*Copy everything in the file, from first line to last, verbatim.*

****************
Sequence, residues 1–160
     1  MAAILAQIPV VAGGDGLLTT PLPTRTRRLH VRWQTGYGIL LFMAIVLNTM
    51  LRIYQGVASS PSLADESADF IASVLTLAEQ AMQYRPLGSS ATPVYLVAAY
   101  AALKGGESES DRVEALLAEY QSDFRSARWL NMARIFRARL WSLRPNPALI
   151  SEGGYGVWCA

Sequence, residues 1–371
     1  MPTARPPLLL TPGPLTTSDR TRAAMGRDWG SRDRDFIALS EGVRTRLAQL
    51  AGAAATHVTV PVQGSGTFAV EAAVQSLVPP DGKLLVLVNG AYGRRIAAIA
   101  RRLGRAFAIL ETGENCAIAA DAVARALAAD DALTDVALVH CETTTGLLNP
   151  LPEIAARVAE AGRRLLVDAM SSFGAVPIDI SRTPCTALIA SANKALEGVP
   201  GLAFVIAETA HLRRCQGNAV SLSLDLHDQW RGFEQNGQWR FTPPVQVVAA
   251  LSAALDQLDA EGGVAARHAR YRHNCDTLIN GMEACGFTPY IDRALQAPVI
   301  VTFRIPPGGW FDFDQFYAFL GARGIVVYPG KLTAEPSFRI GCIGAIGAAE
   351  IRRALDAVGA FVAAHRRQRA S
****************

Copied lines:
Sequence, residues 1–160
     1  MAAILAQIPV VAGGDGLLTT PLPTRTRRLH VRWQTGYGIL LFMAIVLNTM
    51  LRIYQGVASS PSLADESADF IASVLTLAEQ AMQYRPLGSS ATPVYLVAAY
   101  AALKGGESES DRVEALLAEY QSDFRSARWL NMARIFRARL WSLRPNPALI
   151  SEGGYGVWCA

Sequence, residues 1–371
     1  MPTARPPLLL TPGPLTTSDR TRAAMGRDWG SRDRDFIALS EGVRTRLAQL
    51  AGAAATHVTV PVQGSGTFAV EAAVQSLVPP DGKLLVLVNG AYGRRIAAIA
   101  RRLGRAFAIL ETGENCAIAA DAVARALAAD DALTDVALVH CETTTGLLNP
   151  LPEIAARVAE AGRRLLVDAM SSFGAVPIDI SRTPCTALIA SANKALEGVP
   201  GLAFVIAETA HLRRCQGNAV SLSLDLHDQW RGFEQNGQWR FTPPVQVVAA
   251  LSAALDQLDA EGGVAARHAR YRHNCDTLIN GMEACGFTPY IDRALQAPVI
   301  VTFRIPPGGW FDFDQFYAFL GARGIVVYPG KLTAEPSFRI GCIGAIGAAE
   351  IRRALDAVGA FVAAHRRQRA S